I bandy around the word ‘bug’ a fair bit, as a general insect and spider term (forgive me entomologists) but in reality I know the name, bug, only truly belongs to the True Bugs. This is order Hemiptera and the thing that defines them is their rigid sucking mouth parts that are used to extract juices from plants or other creatures. Other insects can have long probiscus such as bees, butterflies and beetles, but these are retractable. A True Bug’s mouth parts may be tucked away but cannot be retracted.
For the April Bug-a-log I decided to attack the true bug, shield bug, family (and one attacked me). They may also, far less nobly, be called stink bugs, because of their ability to squirt foul-smelling liquid. My reports on shield bugs are necessarily incomplete as I didn’t find the nymph forms (except for Bronze Orange Bug). Even if I did, unless I saw the young bugs with the adults I probably wouldn’t be able to give a definitive id. Nymph forms can look very different from the adults and even different stages (instars) of the nymph often look quite different to each other. I saw the shield bug nymph (pictured) on our lemonade tree but I have no idea what, if any, of the shield bugs listed it belongs to. Another lesson to be learned this month was that while single observations don’t lie they don’t tell the whole truth. The Glossy Shield Bug, The Gum tree shield Bug and the Australasian Green Shield Bug, I saw, either exhibited non-typical behaviour or were on non-typical host plants. But I have said it before I love that insect identification and behaviour is full of surprises and unknowns. Also it possibly tells me that bugs that a very rare in my yard probably don’t have a good food source (such as host plant) and don’t breed – they are only casual visitors.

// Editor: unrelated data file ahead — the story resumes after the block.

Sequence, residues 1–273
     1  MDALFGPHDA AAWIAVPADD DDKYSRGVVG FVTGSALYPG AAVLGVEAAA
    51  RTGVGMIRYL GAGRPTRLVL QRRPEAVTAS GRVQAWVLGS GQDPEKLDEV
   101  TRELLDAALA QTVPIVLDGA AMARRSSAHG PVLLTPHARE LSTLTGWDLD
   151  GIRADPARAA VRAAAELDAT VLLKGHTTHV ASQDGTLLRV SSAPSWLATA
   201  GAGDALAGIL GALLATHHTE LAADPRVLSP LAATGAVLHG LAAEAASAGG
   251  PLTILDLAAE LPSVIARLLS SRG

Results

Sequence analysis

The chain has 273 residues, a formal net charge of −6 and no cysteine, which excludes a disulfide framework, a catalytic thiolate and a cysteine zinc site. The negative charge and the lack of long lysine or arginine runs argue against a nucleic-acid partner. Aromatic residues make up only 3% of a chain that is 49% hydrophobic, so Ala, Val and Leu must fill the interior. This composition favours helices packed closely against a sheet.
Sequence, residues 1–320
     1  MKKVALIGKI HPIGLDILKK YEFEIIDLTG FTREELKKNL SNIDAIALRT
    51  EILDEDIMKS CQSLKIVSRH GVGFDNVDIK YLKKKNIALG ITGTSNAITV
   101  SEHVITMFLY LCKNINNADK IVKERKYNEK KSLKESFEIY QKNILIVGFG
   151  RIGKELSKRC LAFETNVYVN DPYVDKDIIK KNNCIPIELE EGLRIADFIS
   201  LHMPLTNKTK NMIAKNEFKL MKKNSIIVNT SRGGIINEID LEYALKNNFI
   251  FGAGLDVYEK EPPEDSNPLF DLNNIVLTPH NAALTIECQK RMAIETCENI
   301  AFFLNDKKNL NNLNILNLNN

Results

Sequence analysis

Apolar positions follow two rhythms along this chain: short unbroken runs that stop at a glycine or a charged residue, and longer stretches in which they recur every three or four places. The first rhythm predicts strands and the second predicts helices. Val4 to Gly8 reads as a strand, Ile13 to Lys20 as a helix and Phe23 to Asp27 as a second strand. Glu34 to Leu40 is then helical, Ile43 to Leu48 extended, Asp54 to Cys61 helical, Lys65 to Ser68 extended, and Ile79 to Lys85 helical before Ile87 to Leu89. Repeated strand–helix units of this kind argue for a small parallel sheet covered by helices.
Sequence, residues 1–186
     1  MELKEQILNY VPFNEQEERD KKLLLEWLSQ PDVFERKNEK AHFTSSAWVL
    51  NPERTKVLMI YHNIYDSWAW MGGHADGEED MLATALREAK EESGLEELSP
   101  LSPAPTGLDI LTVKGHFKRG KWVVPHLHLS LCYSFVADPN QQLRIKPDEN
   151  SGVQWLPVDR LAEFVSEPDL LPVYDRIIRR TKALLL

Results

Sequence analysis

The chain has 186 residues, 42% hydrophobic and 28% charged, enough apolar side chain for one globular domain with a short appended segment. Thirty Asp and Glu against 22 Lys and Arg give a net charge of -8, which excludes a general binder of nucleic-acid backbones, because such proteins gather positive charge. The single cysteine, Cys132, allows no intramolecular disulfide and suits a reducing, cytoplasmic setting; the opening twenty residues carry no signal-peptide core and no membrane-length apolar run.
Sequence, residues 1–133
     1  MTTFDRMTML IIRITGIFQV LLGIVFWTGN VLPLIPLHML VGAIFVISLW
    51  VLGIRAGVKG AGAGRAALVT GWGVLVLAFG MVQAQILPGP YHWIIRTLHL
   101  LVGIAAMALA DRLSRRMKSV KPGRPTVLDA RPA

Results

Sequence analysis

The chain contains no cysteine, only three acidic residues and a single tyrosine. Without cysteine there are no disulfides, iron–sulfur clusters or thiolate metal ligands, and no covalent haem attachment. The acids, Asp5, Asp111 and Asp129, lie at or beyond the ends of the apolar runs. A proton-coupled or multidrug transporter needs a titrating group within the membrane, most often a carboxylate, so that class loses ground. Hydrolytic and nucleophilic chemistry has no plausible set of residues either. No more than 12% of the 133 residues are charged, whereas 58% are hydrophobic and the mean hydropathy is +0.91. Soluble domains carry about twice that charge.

The Dingy part of my Bug-a-log for April is far from dingy – it is the:
Like the shield bugs I haven’t got the complete story of the Dingy Butterfly as I haven’t observed the caterpillar. I must confess I was excited when I first shot this photo. ‘Great !, I thought this is an Orchard Butterfly (Papilio aegeus) and I have loads of photos of the P.aegeus caterpillar. Finally I can give a complete Bug-a-log story. But no, alas I realised on looking at my photo that this was the smaller Dingy Swallowtail. And I still haven’t managed to capture a decent photo of the Orchard Butterfly.
I have also updated the Humped Silver Orb-weaver Spider entry this week due to recent findings of more of these spiders.